This is a prescription drug that’s used to treat types of blood cancer and skin cancer. Specifically, it’s used for certain forms of:

  • Acute lymphocytic leukemia (ALL). For ALL, imatinib is used in adults and children ages 1 year and older. ALL is a fast-growing type of cancer that affects the blood or bone marrow. This drug treats:
    • ALL in adults that’s Philadelphia chromosome-positive (Ph+) and either refractory or relapsed. Refractory cancer hasn’t improved with past treatments. Relapsed cancer has returned after it reached remission (a phase in which it doesn’t cause symptoms).
    • ALL in children that’s been newly diagnosed. For this purpose, imatinib is used together with chemotherapy.
  • Chronic myeloid leukemia (CML). For CML, imatinib is used in adults and children ages 1 year and older. CML is a slow-growing type of bone marrow cancer. This drug treats:
    • Ph+ CML that’s been newly diagnosed.
    • Ph+ CML in three phases: chronic phase, accelerated phase, or blast crisis phase. The chronic phase is the earliest phase of CML. For CML in the chronic phase, imatinib is used after other treatment hasn’t worked. In the accelerated phase, leukemia cells rapidly multiply (make more cells). The blast crisis phase is the most advanced stage of CML.
  • Systemic mastocytosis. Systemic mastocytosis is a condition in which you have too many immune cells, called mast cells, in your body. For this use, imatinib is used in adults with an aggressive form of the condition. It’s used for people who don’t have a mutation (abnormal change) in a certain gene or in people whose gene mutation status isn’t known.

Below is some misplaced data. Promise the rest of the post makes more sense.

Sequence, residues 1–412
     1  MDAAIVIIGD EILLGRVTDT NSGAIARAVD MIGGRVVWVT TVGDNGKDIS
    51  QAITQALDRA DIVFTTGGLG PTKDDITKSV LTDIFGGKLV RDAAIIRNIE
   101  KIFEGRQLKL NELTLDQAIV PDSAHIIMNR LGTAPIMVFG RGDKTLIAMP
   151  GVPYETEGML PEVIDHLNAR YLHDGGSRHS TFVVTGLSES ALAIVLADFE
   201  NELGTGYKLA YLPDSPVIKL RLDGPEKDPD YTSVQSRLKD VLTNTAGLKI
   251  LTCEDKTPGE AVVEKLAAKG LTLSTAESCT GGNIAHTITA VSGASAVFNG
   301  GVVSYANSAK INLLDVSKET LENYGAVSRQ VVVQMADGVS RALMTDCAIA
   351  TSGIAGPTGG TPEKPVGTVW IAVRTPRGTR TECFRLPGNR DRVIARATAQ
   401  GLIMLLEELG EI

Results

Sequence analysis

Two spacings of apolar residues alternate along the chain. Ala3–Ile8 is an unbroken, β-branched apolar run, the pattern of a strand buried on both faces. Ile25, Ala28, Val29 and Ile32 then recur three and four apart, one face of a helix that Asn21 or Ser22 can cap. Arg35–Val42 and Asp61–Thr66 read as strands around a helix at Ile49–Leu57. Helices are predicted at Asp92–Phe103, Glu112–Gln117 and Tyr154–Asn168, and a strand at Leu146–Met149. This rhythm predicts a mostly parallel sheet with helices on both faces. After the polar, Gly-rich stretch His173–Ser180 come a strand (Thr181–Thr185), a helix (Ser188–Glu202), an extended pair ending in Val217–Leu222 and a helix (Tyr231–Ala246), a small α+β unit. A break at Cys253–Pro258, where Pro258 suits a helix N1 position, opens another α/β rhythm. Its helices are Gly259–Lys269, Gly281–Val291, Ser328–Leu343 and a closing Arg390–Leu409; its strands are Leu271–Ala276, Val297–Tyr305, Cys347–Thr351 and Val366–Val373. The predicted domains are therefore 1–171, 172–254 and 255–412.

• Myelodysplastic syndromes (MDS). MDS is a type of cancer that affects your body’s ability to make healthy blood cells. For this use, imatinib is used in adults. It’s given for MDS that’s related to a change in a certain gene.
  • Hypereosinophilic syndrome or chronic (long-lasting) eosinophilic leukemia. Hypereosinophilic syndrome is a condition in which you have a high level of blood cells called eosinophils. And chronic eosinophilic leukemia is a type of blood cancer related to a high level of eosinophils. For these uses, imatinib is used in adults. It can be used in people with one or both of these diseases. It’s given to people with a certain gene mutation. But it can also be used in people who don’t have this mutation or whose gene mutation status isn’t known.
  • Dermatofibrosarcoma protuberans. Dermatofibrosarcoma protuberans is a type of skin cancer. For this use, imatinib is used in adults. Imatinib treats this condition when it either can’t be treated with surgery, has returned after past treatment, or is metastatic (has spread to other areas of the body). The drug can be used for cases of dermatofibrosarcoma protuberans that have one or all of these characteristics.

Imatinib is a tyrosine kinase inhibitor. It treats cancer by stopping cancer cells from growing.

Your doctor may also prescribe imatinib off-label for other conditions. Off-label use is when a drug is given for a different purpose than its approved uses.

Costs of prescription drugs can vary depending on many factors. These factors include what your insurance plan covers and which pharmacy you use. To find current prices for imatinib oral tablets in your area, visit GoodRx.com.

Financial assistance to help you pay for imatinib oral tablets may be available. Medicine Assistance Tool and NeedyMeds are two websites that provide resources to help reduce the cost of imatinib oral tablets.

These websites also offer tools to help you find low-cost healthcare and certain educational resources. To learn more, visit the websites.